I was the lead instructor for Chris and Richard and as bi-lateral amputees they had an instructor each. Todd had an instructor and an assistant instructor.

The first ocean dive was observed by Sun newspaper reporter Paul Thompson who described the huge smile on Richard’s face when he broke the surface after the first dive.  My lasting memory will be Chris giggling in an absolutely uninhibited way after he rolled into the ocean and surfaced, repeating the giggling when he surfaced at the end of the dive.  Everyone loved the dive and all you could hear was talk of what they might experience on dives 2&3.  Instructors have to work out how to enter their student into the ocean and then how to exit them.  Carlos for instance needed a specially designed lift to bring him back on the boat.  Most of the time the troops need de-kitting in the sea.

Amputees also feel the cold more quickly than able bodied people because of poorer circulation around the site of their injury.  In Chris’ case we needed to put him in a full length 3mm wet-suit and then turn over the extra leg length and clip it closed.

Socially these guys were in a class of their own and local residents and holidaymakers alike embraced them with the warmth and generosity we have come to expect in the Keys.  For the Brits the standing ovations they received when they entered places such as the VFW with their American comrades in arms was humbling and emotional.

All too quickly dives 2&3 had come and gone some awesome diving with some awesome young men who it was my absolute privilege to meet.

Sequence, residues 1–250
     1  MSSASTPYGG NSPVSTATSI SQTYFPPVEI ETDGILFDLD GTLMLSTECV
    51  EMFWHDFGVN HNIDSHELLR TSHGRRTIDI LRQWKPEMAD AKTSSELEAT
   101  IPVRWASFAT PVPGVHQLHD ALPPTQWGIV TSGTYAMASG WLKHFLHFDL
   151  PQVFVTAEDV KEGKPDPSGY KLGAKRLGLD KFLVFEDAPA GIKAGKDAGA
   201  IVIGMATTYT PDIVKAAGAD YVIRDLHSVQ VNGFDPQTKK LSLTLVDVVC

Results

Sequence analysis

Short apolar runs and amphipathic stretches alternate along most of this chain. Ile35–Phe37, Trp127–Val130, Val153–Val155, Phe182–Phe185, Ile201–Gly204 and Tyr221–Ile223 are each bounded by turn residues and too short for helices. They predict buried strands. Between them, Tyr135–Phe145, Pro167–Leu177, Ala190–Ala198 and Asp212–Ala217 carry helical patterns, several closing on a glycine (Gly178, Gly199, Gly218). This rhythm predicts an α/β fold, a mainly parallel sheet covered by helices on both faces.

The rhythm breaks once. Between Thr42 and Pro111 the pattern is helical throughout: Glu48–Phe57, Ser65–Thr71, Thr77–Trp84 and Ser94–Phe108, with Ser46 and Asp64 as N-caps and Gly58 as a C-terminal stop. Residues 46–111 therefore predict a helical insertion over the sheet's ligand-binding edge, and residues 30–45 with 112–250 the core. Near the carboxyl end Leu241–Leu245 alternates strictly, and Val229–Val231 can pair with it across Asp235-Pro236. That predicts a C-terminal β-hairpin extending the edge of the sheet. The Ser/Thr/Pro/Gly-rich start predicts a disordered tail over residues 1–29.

Other activities such as fishing and the hiring of a shooting range and providing guns and ammunition that most have cost a fortune were kindly sponsored by Dave Champagne of Key Dives.

So home to Heathrow to be met by Virgin staff and the Met Police, no long waits for the guys as we are whisked through immigration and customs.

A centre page spread in the Sun, three broadcasts on BFBS and an article to follow in Diver magazine an impressive range of media interest made this special – however am I as Paul Thompson described me in the Sun a ‘scuba fanatic’?

Chris and Richard have decided they want to go forward and do their PADI OW Courses.  PADI will sponsor their manuals, PICs etc; all I need now is a friendly dive centre to provide a pool and kit for them free, I will teach them and after their confined water course it will be off to my place in Egypt to complete their Open Water dives.  Fiona is going to continue to cover their story as is Dot.

How do I feel after the programme? Humbled and privileged to meet a group of very brave young men who have no chips on their shoulders and want to live life to the full despite injuries that many would never cope with.

You can find out more about our work at http://www.deptherapy.co.uk or join the Deptherapy Facebook page.

And yes you make some great friends, shed some tears but you give these guys and gals something very special, a new challenge and the feeling of being able to move freely again.

Richard Cullen